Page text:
The Broken Road: From The Iron Gates To Mount Athos, by Patrick Leigh Fermor
This book is a very strange one, although it must be admitted that there are a great many books that I have read about the attempts of people to travel in Eastern Europe. It is unclear why it is that Eastern Europe exerts such a pull on travelers who want to write about their experiences–I have never visited Eastern Europe outside of Estonia and Greece myself–but the author does a great job at conveying his own impressions of a society that, unknown to itself, was at a period of immense change and destruction. The book itself is fragmentary, made up both of the incomplete manuscript that was to be the third volume of the author’s series about his travels in Central and Eastern Europe and the diary that he took at the time. This fragmentary nature, though, far from hurting the book, gives it a sense of melancholy about the rather fragmentary state of the region that the author explores, and his own sense of the impending doom of some of its peoples, whose existence became problematic in an age of Nazis and Communists in a part of the world where everyone seems to hate their neighbor with a fierce passion.
This book is broadly divided into two parts. The first is an incomplete manuscript of the author’s journey from the Iron gates of the Danube to the Black Sea coast not far from Istanbul, and the second part of the book is a diary the author kept about his experiences and meditations in Mount Athos. The first part of the book explores the author meeting English expatriates, having discussions with Bulgarians, Romanians, and various minority peoples whose historical doom was already present–Romanian landowning elites, German royal families, the Jews of the region, and smaller peoples the author meets along the way in isolated villages. The author himself finds the time to explore about the relationship of geography to history and the question of whether the Phanariot Greek rulers of Romania were all that bad, as well as the question as to why the Bulgarians hate everyone around them and always lose at war (the two are probably closely related). The second part of the book, skipping over the author’s trip to Istanbul, which did not provide much writing on his part, apparently, consists of his reflections while on Mount Athos, which are of likely interest to those who like accounts of contemporary monasticism.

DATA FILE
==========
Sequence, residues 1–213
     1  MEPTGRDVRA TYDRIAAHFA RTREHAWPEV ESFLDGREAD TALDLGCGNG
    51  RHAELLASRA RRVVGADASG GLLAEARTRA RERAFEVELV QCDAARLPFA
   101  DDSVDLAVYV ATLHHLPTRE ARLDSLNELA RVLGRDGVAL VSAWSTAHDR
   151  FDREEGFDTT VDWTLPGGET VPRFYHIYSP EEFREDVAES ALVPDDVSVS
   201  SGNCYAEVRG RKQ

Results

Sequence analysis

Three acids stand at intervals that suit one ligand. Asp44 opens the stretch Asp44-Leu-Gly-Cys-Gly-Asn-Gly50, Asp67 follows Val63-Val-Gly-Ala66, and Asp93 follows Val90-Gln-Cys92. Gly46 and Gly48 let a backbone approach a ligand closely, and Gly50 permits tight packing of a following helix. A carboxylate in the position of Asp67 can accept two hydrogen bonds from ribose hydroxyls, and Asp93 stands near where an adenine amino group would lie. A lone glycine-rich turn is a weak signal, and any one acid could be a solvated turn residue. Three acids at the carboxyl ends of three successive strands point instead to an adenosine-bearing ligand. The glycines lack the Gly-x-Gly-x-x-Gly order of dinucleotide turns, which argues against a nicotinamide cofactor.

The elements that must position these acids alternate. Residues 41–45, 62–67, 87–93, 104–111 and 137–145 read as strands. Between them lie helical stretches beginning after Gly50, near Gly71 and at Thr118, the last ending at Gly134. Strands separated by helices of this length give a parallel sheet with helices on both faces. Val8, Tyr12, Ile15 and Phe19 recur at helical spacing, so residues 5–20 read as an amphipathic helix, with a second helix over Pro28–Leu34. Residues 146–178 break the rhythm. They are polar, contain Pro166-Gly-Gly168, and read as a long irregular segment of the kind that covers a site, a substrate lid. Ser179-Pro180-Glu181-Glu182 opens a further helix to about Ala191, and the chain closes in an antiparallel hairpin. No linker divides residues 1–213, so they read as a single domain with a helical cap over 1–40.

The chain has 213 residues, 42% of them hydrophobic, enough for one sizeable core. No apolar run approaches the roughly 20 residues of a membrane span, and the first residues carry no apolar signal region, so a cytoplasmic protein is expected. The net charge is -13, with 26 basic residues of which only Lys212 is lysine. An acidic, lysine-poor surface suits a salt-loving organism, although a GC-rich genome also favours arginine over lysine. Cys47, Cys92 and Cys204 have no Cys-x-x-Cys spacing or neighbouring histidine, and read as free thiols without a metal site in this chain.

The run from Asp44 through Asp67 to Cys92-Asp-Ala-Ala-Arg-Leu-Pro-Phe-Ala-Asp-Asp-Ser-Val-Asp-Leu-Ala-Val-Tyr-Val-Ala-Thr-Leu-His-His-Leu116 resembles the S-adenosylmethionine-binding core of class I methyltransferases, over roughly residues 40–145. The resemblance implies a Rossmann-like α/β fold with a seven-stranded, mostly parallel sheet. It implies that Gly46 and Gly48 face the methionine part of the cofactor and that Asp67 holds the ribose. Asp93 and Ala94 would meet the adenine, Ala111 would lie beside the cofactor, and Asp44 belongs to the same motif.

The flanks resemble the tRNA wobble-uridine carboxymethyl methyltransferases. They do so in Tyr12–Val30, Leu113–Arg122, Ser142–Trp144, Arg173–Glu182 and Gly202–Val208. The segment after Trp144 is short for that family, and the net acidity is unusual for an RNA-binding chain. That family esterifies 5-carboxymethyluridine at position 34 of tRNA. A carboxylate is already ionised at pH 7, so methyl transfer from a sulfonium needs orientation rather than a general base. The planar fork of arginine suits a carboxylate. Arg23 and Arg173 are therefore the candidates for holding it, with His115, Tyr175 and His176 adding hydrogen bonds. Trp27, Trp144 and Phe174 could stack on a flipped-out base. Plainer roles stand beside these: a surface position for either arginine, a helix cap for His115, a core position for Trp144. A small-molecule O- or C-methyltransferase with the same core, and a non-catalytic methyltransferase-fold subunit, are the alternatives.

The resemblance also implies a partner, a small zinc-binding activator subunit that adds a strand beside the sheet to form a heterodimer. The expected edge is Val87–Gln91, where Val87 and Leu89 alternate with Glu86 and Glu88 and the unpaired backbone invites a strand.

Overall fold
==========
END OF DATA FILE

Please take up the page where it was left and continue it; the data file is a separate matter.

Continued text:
Overall, this book is certainly an interesting travelogue to a bygone era. The author managed to travel in Eastern Europe before the horrors of World War II and Communist domination, and there is a richness and a diversity to the author’s encounters that one likely would not find today given the destruction that fascist and Communist regimes did to the region and its people. This book has a melancholy edge like it was written by a traveler who was aware that he was at the end of the age and sought to convey as much as possible of a time that he knew to be important even if he was not aware of exactly what would happen. That sense of foreboding and doom, which the author was unable to finish in the course of his life, makes for some compelling reading, and the author has a quick eye and a ready understanding of the people around him, even finding himself involved in various delicate relationships with some of the people that he meets along the way. Rarely has a gap year been used more productively by someone who is both observant and sensitive to what is going on around him, and put to such good use in terms of conveying insight through one’s travel writing.